The academic rigor also is increased in an IB school, similar to Advanced Placement courses, IB officials say.
“AP is excellent as far as content and assessment, but there’s no ethos attached to the AP program,” Mr. Cline said. “The IB program, the mission, is certainly to offer a rigorous program of academics to a student but also to create a better and more peaceful world. It’s part of the framework for our courses.”
Teachers at Jefferson County IB School push their students to excel in subjects they may not initially have an interest in, Mrs. Jones said, and as a result, most find college to be easy.
“They always say they were well prepared. They say, ‘I’m from a little school in Alabama, and I’m just as prepared as anyone who’s gone to an exclusive private school,’” she said.
Because many people recognize the quality of an IB education, the addition of two IB programs may make the Hamilton County Schools system more appealing, said Brown IB coordinator Alicyn Wilkey.
“In Chattanooga, many people are drawn to private schools, but (public schools) have programs just as good,” she said. “We will now offer the same IB education as other schools around the world.”
In order for teachers to be certified to use specialized IB methods in their classrooms, they must attend several levels of intense training, each of which costs $600 per teacher.
After the Benwood Foundation and the Hamilton County Department of Education paid several thousand dollars last year to train teachers in IB techniques at Brown, four of them transferred to different schools this year, which meant more money spent on re-training new staff.
Ms. Wilkey, who is new to Brown this year, said she suspected the defecting teachers were not in favor of radically changing the teaching style they had used for years.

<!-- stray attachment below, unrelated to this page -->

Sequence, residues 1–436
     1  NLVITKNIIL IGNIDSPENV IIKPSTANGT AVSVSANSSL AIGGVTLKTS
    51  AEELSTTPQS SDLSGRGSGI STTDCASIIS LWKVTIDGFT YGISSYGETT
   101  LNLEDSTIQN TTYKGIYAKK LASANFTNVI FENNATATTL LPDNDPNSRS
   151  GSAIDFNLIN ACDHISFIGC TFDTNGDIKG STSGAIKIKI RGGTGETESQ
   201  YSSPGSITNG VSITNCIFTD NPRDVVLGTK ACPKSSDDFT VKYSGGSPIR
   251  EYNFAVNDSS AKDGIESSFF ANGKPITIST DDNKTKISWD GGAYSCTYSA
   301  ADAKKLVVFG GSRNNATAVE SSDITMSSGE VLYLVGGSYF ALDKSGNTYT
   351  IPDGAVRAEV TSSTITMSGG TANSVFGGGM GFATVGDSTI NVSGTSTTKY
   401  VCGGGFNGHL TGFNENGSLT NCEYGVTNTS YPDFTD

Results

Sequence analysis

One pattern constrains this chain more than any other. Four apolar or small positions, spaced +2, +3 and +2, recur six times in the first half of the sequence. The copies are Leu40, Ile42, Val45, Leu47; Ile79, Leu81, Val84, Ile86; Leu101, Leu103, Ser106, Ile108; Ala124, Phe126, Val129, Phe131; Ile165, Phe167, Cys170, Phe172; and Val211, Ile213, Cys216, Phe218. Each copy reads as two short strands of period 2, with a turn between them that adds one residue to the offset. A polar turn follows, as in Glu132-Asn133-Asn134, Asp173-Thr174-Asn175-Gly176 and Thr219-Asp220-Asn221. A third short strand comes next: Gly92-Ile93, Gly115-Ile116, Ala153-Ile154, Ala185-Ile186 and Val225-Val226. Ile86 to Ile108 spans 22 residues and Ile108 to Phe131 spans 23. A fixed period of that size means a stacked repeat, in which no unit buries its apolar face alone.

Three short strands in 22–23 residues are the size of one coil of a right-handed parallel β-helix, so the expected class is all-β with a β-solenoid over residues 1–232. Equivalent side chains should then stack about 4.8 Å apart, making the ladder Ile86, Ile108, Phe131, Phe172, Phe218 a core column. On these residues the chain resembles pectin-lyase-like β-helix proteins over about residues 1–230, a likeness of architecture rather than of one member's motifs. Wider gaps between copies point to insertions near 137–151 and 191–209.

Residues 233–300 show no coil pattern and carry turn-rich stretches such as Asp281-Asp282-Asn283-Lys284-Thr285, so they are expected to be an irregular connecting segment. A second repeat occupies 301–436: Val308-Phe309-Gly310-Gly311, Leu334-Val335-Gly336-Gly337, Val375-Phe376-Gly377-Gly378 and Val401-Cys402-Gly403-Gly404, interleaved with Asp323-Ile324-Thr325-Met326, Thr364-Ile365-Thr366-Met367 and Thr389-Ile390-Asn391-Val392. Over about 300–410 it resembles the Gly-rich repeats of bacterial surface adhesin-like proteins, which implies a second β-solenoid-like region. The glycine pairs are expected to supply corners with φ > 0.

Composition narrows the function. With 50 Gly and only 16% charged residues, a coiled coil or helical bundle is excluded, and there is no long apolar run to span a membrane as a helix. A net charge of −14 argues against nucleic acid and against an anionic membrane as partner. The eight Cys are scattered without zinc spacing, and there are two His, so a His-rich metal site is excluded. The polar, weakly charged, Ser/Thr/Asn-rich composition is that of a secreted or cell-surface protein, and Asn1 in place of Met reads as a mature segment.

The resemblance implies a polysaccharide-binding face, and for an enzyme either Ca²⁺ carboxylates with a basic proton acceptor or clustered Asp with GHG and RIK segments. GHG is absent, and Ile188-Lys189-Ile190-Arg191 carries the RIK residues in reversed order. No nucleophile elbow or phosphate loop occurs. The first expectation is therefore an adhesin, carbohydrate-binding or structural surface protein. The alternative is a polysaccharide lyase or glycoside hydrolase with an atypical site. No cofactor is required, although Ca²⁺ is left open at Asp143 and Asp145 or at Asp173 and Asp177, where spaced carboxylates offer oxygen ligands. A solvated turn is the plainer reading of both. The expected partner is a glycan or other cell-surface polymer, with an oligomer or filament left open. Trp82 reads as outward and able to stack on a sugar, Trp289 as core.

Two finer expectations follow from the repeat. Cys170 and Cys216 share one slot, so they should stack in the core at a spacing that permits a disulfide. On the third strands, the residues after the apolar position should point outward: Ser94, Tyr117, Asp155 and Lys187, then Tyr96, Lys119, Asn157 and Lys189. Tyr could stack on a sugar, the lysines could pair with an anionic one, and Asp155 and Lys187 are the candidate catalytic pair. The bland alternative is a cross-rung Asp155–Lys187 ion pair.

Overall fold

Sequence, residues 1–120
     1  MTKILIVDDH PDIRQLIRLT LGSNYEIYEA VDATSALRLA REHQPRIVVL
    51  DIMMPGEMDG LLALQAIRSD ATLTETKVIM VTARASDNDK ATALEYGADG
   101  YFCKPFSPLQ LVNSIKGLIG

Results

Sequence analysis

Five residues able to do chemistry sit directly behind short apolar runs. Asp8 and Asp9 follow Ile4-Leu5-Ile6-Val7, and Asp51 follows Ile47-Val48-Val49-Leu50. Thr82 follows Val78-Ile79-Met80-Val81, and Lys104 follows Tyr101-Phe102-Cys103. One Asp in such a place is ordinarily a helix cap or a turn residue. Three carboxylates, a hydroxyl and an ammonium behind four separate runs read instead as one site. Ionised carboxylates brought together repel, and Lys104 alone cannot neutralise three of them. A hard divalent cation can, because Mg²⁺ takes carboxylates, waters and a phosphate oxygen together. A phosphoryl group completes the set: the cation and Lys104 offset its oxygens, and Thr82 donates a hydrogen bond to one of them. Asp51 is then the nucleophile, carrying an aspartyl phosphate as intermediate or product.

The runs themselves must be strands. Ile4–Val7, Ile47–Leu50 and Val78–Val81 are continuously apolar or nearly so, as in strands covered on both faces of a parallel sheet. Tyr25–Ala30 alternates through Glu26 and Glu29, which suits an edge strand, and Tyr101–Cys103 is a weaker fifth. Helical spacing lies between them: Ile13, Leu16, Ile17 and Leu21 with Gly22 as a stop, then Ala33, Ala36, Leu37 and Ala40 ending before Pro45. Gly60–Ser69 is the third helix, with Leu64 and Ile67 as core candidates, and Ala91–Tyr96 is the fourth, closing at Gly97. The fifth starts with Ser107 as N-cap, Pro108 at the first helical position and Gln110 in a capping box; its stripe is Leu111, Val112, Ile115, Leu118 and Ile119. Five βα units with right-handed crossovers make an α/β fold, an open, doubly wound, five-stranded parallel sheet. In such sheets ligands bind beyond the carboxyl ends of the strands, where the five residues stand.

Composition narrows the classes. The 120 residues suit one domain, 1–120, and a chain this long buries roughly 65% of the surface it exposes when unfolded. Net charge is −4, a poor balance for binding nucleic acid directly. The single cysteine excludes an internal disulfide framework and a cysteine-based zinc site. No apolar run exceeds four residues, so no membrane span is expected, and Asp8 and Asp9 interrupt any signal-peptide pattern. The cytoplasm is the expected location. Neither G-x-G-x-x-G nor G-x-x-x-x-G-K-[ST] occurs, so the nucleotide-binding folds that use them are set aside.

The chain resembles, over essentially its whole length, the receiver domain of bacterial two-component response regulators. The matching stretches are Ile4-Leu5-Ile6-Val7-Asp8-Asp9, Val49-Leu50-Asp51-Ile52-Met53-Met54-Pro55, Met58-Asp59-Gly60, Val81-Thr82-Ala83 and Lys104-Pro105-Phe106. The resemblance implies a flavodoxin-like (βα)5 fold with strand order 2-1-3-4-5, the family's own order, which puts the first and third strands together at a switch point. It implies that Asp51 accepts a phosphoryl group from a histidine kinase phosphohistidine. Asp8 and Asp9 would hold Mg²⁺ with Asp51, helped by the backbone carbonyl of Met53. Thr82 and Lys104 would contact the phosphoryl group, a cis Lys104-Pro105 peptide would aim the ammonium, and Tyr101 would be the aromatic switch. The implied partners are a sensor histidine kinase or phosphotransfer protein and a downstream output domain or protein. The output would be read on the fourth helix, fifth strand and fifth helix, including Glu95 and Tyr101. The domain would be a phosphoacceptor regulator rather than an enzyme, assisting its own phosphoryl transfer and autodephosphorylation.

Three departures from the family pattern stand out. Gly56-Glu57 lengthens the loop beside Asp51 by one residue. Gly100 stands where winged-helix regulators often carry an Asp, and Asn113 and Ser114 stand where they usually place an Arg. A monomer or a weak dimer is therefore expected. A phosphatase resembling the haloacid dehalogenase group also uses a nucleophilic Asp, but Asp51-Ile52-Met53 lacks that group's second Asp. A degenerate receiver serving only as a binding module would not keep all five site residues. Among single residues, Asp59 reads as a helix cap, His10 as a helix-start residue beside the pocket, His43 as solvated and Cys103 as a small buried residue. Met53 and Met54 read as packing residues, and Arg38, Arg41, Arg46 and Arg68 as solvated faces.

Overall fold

“This year, everyone seems to be on board,” she said.
If Brown and Signal Mountain are successful in their attempts to gain IB certification, Hamilton County would have an IB program all the way from pre-kindergarten through 12th grade.
But Brown faculty and parents say they are concerned about where their students will go to school once they get to sixth grade. If they are schooled in the rigorous, international curriculum, many say it’s only fair that students be allowed to continue their IB education by transferring to the Signal Mountain school.
“We’d love to have a place for our kids to go, but the decision is in (the school district’s) hands,” Ms. Wilkey said.
Although students from all over Hamilton County can attend Brown, which is a magnet school, Signal Mountain now does not enroll students from outside its zone.
Ms. Wilkey said district administrators have told her they will make a decision on whether to bus Brown students up to Signal Mountain once the first students graduate from Brown’s IB program.
Kelli Gauthier covers K-12 education in Hamilton County for the Times Free Press. She started at the paper as an intern in 2006, crisscrossing the region writing feature stories from Pikeville, Tenn., to Lafayette, Ga. She also covered crime and courts before taking over the education beat in 2007. A native of Frederick, Md., Kelli came south to attend Southern Adventist University in Collegedale, where she earned a bachelor’s degree in print journalism. Before newspapers, ...